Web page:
Recreational marijuana dispensaries around Nevada raked in an estimated $3-5 million in sales over the recent Independence Day weekend. But less than two weeks after kicking off, retailers are running out of stock.
As Reno Public Radio’s Paul Boger reports, a legal dispute between the state and alcohol distributors over who gets to transport marijuana from growers to retailers may grind sales to a halt.
When dispensaries in Las Vegas and Reno began selling pot at midnight on July 1, customers waited in lines for hours just to be a part of the historic moment.
Now, nearly two weeks later, the lines are still there.
Mikel Alvarez, head of retail operations for Blüm Marijuana Dispensaries says sales are booming.
"It's been wonderful. It's been a lot of work. My staff is exhausted. Opening night we saw a 750 percent increase in the number of patrons, so it's been exciting."
And while that may sound great, it may actually be creating shortage across the state. Not because of a bad harvest or lack of preparation. No, instead, a legal battle has developed over who has the right to transport pot from cultivation centers to retailers.
When voters approved the legalization last November, part of the initiative gave alcohol wholesalers first crack at distribution rights. But as the state drafted regulations, officials opened the licensing process to include medical marijuana distributors citing a lack of interest from the liquor industry.
"The department's continued statements to the media that there are no qualified applicants, that there are no completed applicants, etcetera are both untrue and disingenuous."
That’s Kurt Brown, the owner of Capitol Beverages – one of the handful wholesalers in Nevada currently bucking for a distribution license. He says regulators are giving preferential treatment to those already in the cannabis industry, which is when they asked a judge to step in.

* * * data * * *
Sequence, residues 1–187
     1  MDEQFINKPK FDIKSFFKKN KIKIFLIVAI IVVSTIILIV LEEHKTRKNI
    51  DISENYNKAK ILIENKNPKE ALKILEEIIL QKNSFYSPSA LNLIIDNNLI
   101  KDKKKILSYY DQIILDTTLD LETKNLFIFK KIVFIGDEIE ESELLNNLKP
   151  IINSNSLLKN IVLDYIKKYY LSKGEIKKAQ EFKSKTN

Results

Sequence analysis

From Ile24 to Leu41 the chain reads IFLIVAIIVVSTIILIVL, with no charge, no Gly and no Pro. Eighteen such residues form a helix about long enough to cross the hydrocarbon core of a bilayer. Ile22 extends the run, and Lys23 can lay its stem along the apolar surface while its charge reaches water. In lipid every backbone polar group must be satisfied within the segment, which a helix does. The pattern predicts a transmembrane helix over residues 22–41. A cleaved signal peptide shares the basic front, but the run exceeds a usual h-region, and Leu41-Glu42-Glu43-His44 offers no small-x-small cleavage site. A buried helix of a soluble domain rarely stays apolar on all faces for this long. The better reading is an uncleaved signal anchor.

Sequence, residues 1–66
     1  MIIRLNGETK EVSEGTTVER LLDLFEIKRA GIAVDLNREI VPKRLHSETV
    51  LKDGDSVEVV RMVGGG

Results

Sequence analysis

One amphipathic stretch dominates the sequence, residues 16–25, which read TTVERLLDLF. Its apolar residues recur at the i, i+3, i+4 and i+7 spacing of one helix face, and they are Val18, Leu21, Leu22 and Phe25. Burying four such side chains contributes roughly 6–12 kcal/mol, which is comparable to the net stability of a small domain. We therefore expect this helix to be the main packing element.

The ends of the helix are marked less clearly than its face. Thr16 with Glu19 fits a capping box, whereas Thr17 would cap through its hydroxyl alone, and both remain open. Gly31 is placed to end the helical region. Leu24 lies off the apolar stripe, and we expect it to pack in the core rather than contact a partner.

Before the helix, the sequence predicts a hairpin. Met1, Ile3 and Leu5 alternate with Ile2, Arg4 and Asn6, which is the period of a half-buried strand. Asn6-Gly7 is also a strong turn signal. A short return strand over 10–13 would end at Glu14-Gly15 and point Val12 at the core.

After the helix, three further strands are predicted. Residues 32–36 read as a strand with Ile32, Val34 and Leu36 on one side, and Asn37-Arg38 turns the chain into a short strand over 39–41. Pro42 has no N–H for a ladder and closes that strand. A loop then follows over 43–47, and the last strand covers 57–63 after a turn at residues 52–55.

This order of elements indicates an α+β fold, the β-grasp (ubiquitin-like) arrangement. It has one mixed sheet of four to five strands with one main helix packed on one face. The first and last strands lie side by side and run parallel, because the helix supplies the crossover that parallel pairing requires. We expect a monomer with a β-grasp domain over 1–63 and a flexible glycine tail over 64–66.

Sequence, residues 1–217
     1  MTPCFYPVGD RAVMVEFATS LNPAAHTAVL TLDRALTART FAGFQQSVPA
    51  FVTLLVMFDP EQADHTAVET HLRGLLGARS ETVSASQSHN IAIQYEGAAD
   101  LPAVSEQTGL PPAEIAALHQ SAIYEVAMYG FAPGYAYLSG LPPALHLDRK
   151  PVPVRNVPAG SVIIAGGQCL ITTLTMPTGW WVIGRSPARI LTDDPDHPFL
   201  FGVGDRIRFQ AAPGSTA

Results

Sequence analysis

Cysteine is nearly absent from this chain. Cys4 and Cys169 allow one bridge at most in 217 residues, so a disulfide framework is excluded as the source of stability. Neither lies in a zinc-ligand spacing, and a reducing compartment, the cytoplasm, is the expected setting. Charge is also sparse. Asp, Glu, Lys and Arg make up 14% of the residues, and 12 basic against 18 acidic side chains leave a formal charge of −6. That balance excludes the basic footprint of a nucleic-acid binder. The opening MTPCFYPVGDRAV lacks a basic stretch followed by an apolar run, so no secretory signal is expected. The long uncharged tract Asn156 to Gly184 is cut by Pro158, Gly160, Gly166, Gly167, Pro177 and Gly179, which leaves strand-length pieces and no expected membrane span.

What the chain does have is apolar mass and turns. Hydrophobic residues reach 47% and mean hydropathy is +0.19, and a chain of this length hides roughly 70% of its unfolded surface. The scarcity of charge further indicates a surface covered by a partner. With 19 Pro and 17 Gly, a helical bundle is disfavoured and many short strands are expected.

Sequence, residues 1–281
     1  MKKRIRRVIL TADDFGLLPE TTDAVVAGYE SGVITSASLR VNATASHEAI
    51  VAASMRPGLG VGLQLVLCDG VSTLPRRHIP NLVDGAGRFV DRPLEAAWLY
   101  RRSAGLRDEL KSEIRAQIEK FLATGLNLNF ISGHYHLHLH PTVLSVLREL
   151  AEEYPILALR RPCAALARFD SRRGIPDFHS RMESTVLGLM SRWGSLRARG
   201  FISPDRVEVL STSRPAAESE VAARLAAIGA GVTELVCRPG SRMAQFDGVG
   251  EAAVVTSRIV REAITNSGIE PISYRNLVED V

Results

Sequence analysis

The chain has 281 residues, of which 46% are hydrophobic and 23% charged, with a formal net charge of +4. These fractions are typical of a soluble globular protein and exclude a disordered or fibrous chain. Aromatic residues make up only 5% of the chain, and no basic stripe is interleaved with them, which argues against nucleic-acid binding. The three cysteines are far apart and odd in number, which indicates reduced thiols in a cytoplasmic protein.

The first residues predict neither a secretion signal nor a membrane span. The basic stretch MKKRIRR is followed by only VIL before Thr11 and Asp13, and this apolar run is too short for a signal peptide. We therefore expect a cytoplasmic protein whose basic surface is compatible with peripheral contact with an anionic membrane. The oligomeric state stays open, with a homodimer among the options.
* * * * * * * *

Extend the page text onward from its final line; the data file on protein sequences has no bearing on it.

According to that judge’s decision last month, regulators had not done a good enough job to determine the number of distributors needed to serve the state. The ruling immediately put a halt to the state’s licensing process and essentially forced dispensaries to only sell the product they had on hand without the ability to restock.
That was until Thursday.
Nevada’s Republican governor allowed the state to adopt emergency regulations. Those new rules once again reopened the licensing process to everyone who meets the state’s rigorous criteria.
"We have a job to do, and our job is to implement this program," says Tax Chief Deonne Contine. She goes on to say the move was needed because the state is relying on the nearly $100 million in projected tax revenue. "It's our responsibility, I feel, when these issues come up and these problems present themselves that we have to take the measures. We have to proactively deal with those problems."
But Kevin Benson, an attorney for an undisclosed number of alcohol distributors, says the new regulations maybe cause for more legal action.
"There very well may be," says Benson. "I need to discuss it with my clients and review the regulation more thoroughly and we'll make a determination from there."
In recent days, regulators have issued licenses to a pair of distributors. However, Nevada is vast and sparsely populated. It is unlikely the two companies will be able to service the entire state which, in turn, could continue to cause shortages.
And if customers can’t get legal pot, some they say they won't hesitate to go back to the black market.